Don’t be a dick and leave them in the lurch mid-semester if you can possibly help it. But sometimes you can’t help it.  If you get the non-academic job of your dreams, then don’t feel guilty about leaving with two weeks’ notice if you can’t easily delay your start date to a semester.  In the absence of a rare job opportunity, giving 2 weeks’ notice is not unheard-of, but would be kind of annoying.  It’s legal though (Disclaimer: to the best of our knowledge… you may want to anonymously check with legal or with HR).

It’s perfectly ok to call in sick a lot for the rest of the year if you are actually sick (physically, emotionally, feeling awful, etc.).  Try to minimize the impact on your students, but take the sick days to which you are entitled.  See if you can put some classes online so you don’t have to go in as much, or give your students library time or whatever you can do to cut your losses and keep yourself sane.  Calling in sick also works with boring committee meetings.  Those are much easier to ditch than are students, and they probably will barely notice.  Show up to the high-visibility stuff.  Reduce the amount of time you spend commenting in detail on student work.  [#2 would still show up to all classes, assuming nothing communicable]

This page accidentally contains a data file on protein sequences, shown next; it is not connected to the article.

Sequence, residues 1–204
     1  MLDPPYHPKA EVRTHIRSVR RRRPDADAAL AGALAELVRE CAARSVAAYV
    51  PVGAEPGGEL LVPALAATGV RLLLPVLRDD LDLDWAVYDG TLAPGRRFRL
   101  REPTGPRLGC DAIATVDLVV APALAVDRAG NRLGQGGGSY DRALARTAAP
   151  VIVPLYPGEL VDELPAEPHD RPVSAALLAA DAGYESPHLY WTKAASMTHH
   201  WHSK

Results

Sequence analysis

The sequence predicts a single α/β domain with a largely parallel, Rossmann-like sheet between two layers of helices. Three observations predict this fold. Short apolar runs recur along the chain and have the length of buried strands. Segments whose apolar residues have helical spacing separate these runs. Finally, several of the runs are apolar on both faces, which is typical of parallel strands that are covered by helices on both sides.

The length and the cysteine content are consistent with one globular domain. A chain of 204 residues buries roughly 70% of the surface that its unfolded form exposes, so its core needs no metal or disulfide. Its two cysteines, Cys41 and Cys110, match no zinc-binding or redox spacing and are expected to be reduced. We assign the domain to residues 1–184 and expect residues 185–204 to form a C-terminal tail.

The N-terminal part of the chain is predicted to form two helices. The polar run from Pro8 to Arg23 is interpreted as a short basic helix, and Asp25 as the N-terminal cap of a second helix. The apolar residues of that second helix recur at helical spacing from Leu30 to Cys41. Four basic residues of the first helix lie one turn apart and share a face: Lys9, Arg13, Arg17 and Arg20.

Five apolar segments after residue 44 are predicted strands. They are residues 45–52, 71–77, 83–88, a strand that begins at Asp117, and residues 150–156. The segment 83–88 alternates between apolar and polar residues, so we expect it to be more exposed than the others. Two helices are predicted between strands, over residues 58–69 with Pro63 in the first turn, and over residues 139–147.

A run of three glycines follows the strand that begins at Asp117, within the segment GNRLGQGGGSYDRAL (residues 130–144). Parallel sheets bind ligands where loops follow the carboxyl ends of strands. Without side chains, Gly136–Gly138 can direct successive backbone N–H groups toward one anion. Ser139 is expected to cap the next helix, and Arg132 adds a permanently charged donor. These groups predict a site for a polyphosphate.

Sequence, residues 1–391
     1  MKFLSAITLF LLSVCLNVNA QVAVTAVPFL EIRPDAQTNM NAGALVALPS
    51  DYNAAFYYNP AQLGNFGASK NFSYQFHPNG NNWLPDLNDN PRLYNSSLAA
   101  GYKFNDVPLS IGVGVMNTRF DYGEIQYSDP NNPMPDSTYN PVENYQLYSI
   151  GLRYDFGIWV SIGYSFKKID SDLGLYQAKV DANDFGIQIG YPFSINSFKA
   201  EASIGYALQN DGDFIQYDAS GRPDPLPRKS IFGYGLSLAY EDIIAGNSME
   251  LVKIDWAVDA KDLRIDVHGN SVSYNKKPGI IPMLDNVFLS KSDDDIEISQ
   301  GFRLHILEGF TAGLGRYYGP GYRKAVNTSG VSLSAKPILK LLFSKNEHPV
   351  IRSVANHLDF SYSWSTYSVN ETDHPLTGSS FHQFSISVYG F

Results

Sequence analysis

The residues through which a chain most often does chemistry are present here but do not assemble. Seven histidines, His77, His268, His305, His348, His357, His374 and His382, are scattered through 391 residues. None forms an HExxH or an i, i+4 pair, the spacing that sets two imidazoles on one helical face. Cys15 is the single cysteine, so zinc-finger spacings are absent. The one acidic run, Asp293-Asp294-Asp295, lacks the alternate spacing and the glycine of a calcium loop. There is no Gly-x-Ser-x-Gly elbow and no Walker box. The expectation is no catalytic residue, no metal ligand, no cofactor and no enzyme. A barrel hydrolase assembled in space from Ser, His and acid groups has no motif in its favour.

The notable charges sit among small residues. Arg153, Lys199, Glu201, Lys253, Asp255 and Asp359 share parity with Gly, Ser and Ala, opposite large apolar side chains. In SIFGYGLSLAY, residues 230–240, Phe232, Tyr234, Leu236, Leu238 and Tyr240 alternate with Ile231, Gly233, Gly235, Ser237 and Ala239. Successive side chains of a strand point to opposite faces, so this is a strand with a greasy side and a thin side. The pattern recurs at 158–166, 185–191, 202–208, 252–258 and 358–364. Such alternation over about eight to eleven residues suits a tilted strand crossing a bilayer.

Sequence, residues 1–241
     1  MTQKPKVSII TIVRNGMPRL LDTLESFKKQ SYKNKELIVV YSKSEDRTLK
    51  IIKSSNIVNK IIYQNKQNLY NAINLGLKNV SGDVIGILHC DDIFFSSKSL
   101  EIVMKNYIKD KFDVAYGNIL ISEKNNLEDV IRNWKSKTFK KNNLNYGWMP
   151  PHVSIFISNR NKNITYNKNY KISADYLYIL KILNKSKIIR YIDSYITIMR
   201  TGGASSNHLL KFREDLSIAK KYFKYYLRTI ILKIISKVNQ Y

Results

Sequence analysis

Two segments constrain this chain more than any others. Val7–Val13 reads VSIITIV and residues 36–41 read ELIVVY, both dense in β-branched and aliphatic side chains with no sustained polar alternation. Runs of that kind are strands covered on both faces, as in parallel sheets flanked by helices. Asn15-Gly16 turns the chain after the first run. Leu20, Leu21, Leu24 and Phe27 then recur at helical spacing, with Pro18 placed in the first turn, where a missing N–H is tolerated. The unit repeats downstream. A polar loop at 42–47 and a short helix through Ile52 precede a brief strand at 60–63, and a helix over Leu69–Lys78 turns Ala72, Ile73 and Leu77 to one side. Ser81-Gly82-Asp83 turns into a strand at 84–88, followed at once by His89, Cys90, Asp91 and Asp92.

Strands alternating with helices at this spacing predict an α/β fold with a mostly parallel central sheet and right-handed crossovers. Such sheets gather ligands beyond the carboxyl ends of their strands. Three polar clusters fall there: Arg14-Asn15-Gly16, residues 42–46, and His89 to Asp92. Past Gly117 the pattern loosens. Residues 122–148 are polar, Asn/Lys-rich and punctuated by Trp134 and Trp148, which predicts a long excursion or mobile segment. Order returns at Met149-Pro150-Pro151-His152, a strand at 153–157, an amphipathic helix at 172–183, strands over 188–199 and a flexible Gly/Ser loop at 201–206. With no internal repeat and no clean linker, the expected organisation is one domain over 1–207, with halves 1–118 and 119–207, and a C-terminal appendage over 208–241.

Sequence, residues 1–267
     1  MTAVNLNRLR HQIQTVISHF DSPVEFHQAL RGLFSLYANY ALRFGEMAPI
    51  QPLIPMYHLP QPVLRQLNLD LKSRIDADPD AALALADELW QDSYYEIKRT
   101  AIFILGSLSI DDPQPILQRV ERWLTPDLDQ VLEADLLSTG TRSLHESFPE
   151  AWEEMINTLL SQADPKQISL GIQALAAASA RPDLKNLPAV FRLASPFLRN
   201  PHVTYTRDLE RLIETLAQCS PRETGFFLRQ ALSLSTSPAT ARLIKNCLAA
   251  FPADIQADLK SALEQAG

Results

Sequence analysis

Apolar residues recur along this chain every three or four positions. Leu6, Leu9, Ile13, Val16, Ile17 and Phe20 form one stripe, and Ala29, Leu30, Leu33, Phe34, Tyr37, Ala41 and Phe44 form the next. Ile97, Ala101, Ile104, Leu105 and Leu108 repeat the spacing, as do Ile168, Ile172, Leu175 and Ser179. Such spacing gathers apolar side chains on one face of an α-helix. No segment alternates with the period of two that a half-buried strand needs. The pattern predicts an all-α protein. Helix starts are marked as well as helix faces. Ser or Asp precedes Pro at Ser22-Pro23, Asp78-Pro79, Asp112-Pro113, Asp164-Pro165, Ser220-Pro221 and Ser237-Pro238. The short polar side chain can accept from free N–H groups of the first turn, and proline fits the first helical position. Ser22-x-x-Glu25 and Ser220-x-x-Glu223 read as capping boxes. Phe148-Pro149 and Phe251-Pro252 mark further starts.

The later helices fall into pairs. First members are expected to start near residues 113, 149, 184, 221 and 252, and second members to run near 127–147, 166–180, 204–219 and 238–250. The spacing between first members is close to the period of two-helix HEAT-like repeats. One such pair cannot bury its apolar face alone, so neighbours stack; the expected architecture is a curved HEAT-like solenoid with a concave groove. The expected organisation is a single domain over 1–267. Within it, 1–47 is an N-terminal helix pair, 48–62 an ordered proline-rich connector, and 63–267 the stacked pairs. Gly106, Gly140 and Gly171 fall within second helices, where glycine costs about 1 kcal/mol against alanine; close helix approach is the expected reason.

Before quitting, read this book, it provides things to think about financially in terms of your escape route.  Both #1 herself and #2’s DH took/have been taking a while to find new jobs.  You want to be able to have some time to be picky about jobs if you can (assuming you don’t find employment before leaving), rather than having to take something minimum wage right away, and in the best case scenario, you won’t go into further debt while unemployed.  It is important both to build up a savings buffer and to get your expenses down.  (Most likely you will not be getting unemployment payments because it is difficult to engineer a layoff from the TT.)  Just having an escape plan can often make the “now” seem more bearable.  Plus you can stop caring about department drama and say no to things more often.

What kind of job you should be looking for is going to depend a lot on the supply and demand in your field.  #2’s DH, for example, is working for a company doing exactly the work he was trained to do as a graduate student.  He’s also writing (and getting) more grants and doing more publications than he had time for back when he was teaching a 3/3 load with undergrads and going to faculty meetings once a week.  #1’s profession isn’t quite as marketable, but she’s still holding out for a research position related to her training and will likely be successful.  Update:  If you are in a tech field, check out Cloud’s book on the non-academic job search.